Sunday, February 17, 2002

Review: "Black Wolf" by Dave Gross

It's been a long time since I've been excited about the novels set in the various Dungeons and Dragons worlds. But things are changing.

A big part of that change is the "Sembia" series, a group of books aimed at newcomers to the Forgotten Realms. The "Sembia" series is a group of self-contained stories that require little or no background knowledge of the massive collection of Forgotten Realms novels that have come before.

The latest in the collection is "Black Wolf" by Dave Gross (Wizards of the Coast). The novel details the trials of Talbot Uskevren, a young Sembian noble with a dark secret.

During a hunting trip, Talbot and his party were pursued by a group of werewolves. Tal escaped, but not unscathed. Now, his body heeds the call of the moon, and he must lock himself in a cage to keep from harming anyone. Things get worse when Rusk, leader of the werewolf pack, arrives in Sembia. He's convinced that Tal is the legendary Black Wolf, and intends to control him.

Rusk forms a shaky alliance with the chief rival of the Uskevrens, an odd pair of brothers from the Malveen family - Stannis, a vampire, and Radu, a seemingly unbeatable warrior. Caught between the monster growing inside him, the pack, the Malveens and his own father's wrath at his irresponsibility, Tal turns to a mysterious cleric of Selune and his old friend Chaney to help him control the beast.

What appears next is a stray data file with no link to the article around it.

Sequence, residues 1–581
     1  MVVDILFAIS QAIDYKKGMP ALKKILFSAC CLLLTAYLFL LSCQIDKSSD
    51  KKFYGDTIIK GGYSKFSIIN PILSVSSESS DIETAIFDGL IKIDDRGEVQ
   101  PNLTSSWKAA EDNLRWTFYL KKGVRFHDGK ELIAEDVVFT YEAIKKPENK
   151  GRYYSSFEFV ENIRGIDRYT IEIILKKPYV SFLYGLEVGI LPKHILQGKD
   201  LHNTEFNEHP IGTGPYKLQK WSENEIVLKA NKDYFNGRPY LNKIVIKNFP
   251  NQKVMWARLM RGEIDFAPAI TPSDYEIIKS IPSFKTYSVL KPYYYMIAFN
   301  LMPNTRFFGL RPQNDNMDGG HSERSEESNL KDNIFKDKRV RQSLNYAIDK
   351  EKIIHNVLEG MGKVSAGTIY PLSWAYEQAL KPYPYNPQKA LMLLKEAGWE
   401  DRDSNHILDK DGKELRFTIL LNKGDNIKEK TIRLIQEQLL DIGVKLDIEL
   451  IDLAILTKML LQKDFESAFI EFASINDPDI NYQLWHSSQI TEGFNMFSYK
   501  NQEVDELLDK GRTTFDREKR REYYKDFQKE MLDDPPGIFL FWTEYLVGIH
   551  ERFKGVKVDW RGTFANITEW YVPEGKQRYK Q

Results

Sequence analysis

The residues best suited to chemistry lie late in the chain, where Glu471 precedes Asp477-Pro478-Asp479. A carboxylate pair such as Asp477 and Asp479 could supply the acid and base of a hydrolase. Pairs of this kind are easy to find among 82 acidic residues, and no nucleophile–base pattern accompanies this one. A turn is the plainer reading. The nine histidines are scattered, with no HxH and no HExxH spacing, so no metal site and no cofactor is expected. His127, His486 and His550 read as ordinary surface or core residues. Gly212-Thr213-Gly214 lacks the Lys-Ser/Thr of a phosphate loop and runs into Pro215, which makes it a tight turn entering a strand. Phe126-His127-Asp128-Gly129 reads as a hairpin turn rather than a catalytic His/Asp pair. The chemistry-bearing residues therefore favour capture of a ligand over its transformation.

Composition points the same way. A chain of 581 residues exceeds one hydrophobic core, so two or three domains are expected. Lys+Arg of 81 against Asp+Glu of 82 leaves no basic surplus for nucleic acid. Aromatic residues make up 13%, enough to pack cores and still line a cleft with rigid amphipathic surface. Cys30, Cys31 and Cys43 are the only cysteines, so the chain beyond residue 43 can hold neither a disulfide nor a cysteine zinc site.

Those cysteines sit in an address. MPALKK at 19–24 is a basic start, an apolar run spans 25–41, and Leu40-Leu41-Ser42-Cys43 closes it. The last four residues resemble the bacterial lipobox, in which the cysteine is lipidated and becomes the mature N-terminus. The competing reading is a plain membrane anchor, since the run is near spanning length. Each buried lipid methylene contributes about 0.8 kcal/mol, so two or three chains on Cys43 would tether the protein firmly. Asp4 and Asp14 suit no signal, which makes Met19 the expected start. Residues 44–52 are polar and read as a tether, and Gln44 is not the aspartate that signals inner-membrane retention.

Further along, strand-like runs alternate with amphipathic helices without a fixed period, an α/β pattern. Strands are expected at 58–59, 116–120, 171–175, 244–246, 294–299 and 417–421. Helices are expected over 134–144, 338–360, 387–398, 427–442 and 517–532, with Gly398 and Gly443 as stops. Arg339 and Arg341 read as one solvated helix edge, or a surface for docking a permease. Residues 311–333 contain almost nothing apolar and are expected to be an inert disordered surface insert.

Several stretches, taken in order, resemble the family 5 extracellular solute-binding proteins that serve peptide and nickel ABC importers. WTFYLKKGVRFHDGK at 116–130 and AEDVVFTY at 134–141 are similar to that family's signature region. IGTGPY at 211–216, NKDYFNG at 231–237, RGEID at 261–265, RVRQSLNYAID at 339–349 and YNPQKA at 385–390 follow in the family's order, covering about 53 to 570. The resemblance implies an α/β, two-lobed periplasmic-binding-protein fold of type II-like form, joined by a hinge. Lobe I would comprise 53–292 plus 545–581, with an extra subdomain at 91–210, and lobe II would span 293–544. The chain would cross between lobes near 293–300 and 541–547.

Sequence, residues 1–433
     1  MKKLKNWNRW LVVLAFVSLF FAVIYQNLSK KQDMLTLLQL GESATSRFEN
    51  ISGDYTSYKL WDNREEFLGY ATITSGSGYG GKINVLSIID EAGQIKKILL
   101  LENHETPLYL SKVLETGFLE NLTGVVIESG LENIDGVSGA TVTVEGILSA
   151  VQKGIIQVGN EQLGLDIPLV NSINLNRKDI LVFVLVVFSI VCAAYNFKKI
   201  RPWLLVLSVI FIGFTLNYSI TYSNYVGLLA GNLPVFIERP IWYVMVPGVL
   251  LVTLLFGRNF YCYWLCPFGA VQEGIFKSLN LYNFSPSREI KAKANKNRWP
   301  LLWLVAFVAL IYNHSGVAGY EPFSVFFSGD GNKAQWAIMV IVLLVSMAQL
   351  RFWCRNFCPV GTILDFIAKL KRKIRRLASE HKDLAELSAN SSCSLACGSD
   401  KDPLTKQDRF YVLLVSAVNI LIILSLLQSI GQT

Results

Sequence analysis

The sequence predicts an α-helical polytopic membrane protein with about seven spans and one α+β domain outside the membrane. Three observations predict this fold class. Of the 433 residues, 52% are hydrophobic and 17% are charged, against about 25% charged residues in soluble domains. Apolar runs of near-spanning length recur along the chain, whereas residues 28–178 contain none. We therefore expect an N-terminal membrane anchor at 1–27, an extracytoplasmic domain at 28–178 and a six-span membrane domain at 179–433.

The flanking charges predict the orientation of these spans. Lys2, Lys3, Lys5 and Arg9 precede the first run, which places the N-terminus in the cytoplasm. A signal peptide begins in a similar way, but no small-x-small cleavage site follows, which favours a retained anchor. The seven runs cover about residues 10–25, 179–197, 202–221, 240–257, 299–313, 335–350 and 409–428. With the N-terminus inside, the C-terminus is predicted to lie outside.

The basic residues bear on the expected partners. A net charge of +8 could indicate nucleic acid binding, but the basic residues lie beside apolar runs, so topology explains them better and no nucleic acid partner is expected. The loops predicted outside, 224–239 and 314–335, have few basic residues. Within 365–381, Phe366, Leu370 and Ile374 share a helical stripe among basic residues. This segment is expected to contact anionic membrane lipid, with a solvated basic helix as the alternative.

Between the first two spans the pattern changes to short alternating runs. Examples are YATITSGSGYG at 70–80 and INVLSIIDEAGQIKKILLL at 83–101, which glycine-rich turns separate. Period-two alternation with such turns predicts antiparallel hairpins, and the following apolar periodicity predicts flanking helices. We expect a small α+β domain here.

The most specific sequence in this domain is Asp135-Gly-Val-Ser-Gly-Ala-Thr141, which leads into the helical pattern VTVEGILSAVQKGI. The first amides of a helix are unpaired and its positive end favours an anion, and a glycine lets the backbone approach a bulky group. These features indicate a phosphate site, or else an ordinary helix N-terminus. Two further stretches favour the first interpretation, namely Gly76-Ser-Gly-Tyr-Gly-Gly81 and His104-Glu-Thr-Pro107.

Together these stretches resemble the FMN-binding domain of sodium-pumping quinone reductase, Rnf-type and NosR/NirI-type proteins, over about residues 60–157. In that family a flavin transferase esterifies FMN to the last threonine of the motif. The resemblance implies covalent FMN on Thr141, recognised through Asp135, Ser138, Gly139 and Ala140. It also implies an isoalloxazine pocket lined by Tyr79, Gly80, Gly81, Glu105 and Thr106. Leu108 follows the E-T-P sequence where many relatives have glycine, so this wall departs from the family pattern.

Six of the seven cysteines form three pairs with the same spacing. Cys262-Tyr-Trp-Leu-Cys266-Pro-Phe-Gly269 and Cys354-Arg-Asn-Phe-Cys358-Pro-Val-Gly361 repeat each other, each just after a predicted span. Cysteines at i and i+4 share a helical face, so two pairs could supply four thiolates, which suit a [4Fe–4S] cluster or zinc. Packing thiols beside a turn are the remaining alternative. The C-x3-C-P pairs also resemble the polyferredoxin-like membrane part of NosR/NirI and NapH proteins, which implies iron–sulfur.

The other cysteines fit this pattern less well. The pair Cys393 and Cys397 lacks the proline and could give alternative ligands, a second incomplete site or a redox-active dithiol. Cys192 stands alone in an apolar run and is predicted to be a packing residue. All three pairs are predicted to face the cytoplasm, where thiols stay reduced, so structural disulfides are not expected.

I'm a sucker for a good wolf story - even if it is of the "were" kind - and "Black Wolf" certainly fits the bill. As you'd expect from a Forgotten Realms novel, it's fast-paced with plenty of action and adventure.

But there's also a deeper bit of character development, especially with the young servant Darrow - who gets shuffled between Radu, Stannis and Rusk. Despite the fact that Tal's story is fascinating, it's really Darrow that steals the show, winning the sympathy and goodwill of the reader.

Gross also has a deft hand with combat scenes, both human and wolf. His touch and attention to detail remind me a great deal of R.A. Salvatore, the master of the fight scene.

"Black Wolf" is an entertaining novel that can be enjoyed by anyone. There are a few sprinkled references to characters, places and events that longtime Forgotten Realms readers will enjoy, but as intended, no prior knowledge is needed.

The book also marks another step in the right direction for Wizards of the Coast, which has big things happening in most of the worlds of Dungeons and Dragons. In Forgotten Realms, there's the "Sembia" series and an upcoming series on the drow that looks very promising. In the classic Greyhawk setting, there's a series of novels based on classic gaming modules. And the luminaries of the Dragonlance world, Margaret Weis and Tracy Hickman, are shaking things up on Krynn.

No comments: